Cover: Typologies of Dementia Caregiver Support Networks

Typologies of Dementia Caregiver Support Networks

A Pilot Study

Published in: The Gerontologist, Volume 61, Issue 8 (December 2021), Pages 1221-1230. doi:10.1093/geront/gnab013

Posted on rand.org Jun 13, 2023

by Esther M. Friedman, David P. Kennedy

Background and Objectives

There are nearly 18 million family caregivers in the United States assisting an older adult in need of help. Identifying the caregivers in greatest need of support requires an understanding of the current social support networks available to family caregivers and whether specific groups of caregivers are at risk of having an insufficient support network.

Research Design and Methods

We collected personal network data from a nationally representative sample of 66 family caregivers to persons with dementia (PWDs) in the United States aged 18 and older, including information on network members' support to the caregiver and help to the care recipient.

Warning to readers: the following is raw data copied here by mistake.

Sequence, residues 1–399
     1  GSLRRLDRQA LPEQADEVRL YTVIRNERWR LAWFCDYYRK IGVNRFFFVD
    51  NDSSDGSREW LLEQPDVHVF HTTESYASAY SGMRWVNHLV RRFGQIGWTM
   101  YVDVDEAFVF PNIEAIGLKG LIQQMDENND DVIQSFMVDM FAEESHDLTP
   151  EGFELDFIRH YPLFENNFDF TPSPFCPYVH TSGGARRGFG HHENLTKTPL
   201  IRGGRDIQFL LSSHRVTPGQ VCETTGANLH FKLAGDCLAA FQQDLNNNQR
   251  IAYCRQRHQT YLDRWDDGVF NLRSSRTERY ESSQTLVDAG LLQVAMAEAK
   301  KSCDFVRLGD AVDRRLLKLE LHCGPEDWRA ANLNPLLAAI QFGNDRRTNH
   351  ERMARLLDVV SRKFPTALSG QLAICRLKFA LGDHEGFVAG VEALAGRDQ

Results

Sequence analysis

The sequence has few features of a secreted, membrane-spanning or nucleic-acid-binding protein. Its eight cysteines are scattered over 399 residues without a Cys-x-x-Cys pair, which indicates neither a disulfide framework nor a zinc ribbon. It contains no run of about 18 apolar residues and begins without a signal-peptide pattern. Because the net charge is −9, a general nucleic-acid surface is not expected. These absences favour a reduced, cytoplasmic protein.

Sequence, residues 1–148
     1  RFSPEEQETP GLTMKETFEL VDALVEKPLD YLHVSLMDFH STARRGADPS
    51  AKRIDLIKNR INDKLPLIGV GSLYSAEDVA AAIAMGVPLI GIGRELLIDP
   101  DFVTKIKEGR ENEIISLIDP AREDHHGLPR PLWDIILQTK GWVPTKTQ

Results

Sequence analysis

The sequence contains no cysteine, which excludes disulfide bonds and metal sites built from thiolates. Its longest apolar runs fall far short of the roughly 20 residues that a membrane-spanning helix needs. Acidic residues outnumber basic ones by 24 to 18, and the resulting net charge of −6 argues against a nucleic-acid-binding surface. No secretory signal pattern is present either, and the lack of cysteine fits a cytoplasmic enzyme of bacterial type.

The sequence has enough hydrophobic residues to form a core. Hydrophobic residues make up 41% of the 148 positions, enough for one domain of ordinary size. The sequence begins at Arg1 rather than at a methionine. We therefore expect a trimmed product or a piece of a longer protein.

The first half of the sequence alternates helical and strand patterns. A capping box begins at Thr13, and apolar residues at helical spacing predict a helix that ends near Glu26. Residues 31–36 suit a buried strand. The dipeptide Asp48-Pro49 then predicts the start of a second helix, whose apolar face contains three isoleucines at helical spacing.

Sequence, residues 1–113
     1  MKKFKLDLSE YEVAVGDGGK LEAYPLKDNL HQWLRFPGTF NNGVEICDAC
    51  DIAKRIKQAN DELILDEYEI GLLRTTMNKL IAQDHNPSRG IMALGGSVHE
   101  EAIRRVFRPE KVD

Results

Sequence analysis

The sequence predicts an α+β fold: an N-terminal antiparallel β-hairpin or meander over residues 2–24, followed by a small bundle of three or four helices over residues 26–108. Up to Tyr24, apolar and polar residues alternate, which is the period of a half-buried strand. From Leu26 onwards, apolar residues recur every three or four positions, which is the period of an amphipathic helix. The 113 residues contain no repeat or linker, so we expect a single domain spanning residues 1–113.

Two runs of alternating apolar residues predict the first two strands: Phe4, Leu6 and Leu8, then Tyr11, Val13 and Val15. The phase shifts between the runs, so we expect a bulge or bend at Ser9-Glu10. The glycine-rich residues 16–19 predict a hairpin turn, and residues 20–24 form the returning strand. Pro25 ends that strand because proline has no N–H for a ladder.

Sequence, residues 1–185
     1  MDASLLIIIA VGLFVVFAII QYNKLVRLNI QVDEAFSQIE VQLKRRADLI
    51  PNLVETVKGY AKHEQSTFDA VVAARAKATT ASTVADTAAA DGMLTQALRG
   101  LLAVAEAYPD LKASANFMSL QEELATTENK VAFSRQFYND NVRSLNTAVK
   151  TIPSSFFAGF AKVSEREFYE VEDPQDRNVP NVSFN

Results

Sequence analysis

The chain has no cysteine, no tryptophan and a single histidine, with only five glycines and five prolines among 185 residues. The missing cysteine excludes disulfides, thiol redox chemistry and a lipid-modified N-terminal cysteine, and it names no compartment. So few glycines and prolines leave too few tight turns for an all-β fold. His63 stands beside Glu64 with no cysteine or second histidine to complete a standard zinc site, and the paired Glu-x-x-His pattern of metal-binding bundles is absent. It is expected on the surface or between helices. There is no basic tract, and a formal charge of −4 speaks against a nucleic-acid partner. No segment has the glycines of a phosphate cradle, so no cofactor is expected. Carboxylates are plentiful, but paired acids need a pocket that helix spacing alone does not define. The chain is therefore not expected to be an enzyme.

Results

We found four common caregiving network types: large networks with many helpers; large networks primarily supporting caregivers; small, dense networks supporting both caregivers and care recipient; and small networks providing little help to either caregiver or care recipient. Gender, income, and geographic proximity of caregiver to the care recipient were significantly associated with caregiver network type.

Discussion and Implications

This study suggests that there are different types of care and support networks available to caregivers to PWDs, and that the size and structure of networks vary considerably among demographic groups. As the population ages, a better understanding of the supports available to caregivers will be crucial for ensuring that caregivers are adequately supported, and caregiving needs of families are met.

Research conducted by

This report is part of the RAND external publication series. Many RAND studies are published in peer-reviewed scholarly journals, as chapters in commercial books, or as documents published by other organizations.

RAND is a nonprofit institution that helps improve policy and decisionmaking through research and analysis. RAND's publications do not necessarily reflect the opinions of its research clients and sponsors.